Jerry Minter

Question 1: A few counties in the state of Texas have formed public defenders offices in lieu of judges assigning attorneys for indigent defenders. The merits of such an office are subject to debate: while supporters point out that having an office potentially saves money and make it easier for commissioners courts to prepare budgets, detractors say that such offices result in a lower quality of legal care. Do you believe that Hunt County should form a public defender’s office?

First, cut costs associated with indigent defense cases.  The current rate of $100 per hour with no cap should be reduced to $50 per hour with a $500 cap.  My opponent voted in 2010 and 2013 to maintain the higher fees.  The lower rate will generate an estimated savings of up to one million dollars annually.  Hunt County pays the highest rate in North Texas.  Local lawyers would benefit from the reduction in fees due to the fact that many metroplex lawyers would cease seeking the cases, allowing them an increased case load.  Savings from reducing the fees could be re-allocated to restoring the commissioners road budget that has been reduced significantly over the past few years, Children’s Advocacy Center and Public Safety.  If fees are not reduced, the commissioners court should form a public defender office.

Question 2: When preparing the Hunt County budget, what is your biggest priority in regard to funding?

The biggest priority in funding the budget is Public Safety.  Citizens want to feel safe at all times.  They expect the commissioners court to provide the sheriff’s office with adequate equipment and technology needed to do their job.  One of my platform issues is a grant writer position be added to seek various grants.  Public safety grant funds are available for equipment and technology thereby relieving the taxpayer of that expense.  Close behind is the need to restore the commissioners budget for road and bridge maintenance which has been reduced significantly over the past few years.  Citizens deserve roads that are properly maintained so as not to be unsafe or damaging to their vehicles. These are my biggest priorities because they relate most to the quality of life for citizens.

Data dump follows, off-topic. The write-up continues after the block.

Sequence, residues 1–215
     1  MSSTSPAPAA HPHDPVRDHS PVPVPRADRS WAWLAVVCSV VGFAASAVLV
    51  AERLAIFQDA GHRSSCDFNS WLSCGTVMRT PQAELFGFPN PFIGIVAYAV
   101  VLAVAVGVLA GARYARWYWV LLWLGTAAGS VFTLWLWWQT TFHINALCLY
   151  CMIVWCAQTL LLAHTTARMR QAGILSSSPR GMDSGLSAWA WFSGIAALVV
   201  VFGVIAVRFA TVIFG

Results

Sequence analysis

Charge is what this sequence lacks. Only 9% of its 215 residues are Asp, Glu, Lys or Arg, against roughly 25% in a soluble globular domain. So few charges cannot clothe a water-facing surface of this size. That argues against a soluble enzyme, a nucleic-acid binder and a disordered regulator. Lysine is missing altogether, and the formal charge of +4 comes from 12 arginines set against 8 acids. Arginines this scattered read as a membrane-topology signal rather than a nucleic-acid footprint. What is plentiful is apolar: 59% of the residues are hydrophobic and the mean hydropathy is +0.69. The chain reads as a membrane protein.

Question 3: What is the biggest challenge facing Hunt County in the next four years, and what would you do to meet this challenge?

The biggest challenge facing Hunt County in the near future is four-fold.  First is job growth.  Concentrating our efforts on economic development will bring industry and large businesses to Hunt County thereby creating jobs.  I truly believe job growth will come first, followed secondly by population growth.  We will see rooftops appear in all parts of the county, but primarily in and around Caddo Mills and West along Hwy 380 between Greenville and Floyd.  Thirdly is the need to address traffic.  We must be pro-active in requesting TXDOT funding for our regional transportation needs and not wait, as neighboring counties, until there are too many automobiles and not enough pavement.  Finally, and this will be the greatest challenge, is the need to provide county services to a growing population.  We will need to add staff and space.  That is why one of my platform issues is to form a citizen’s advisory committee to conduct a feasibility study regarding procuring a site for future facilities.

Question 4: Do you believe that Hunt County should implement a unit road system? Why or why not?

I believe there is merit to a unit road system.  Research shows that 79 counties in Texas currently use the unit road system.  Combining equipment and personnel proved to be cost effective.  The average savings to counties comparable to Hunt County was 16% of their total road and bridge funds.  Hunt County road and bridge funds is approximately six million dollars.  Potential savings would be approximately one million dollars.  If elected to the office of Hunt County Judge, I would discuss this issue with each commissioner individually.  The ideal situation would be to hire a road and bridge engineer to be in charge of work crews and equipment, developing and constructing a standardized road system throughout the county, providing engineering services and oversight of county bridge projects. This will allow commissioners to devote more time to administrative duties.  Some counties have opted to enter into an 18-24 month unit road system test program.  Then commissioners vote whether to continue or discontinue the unit road system.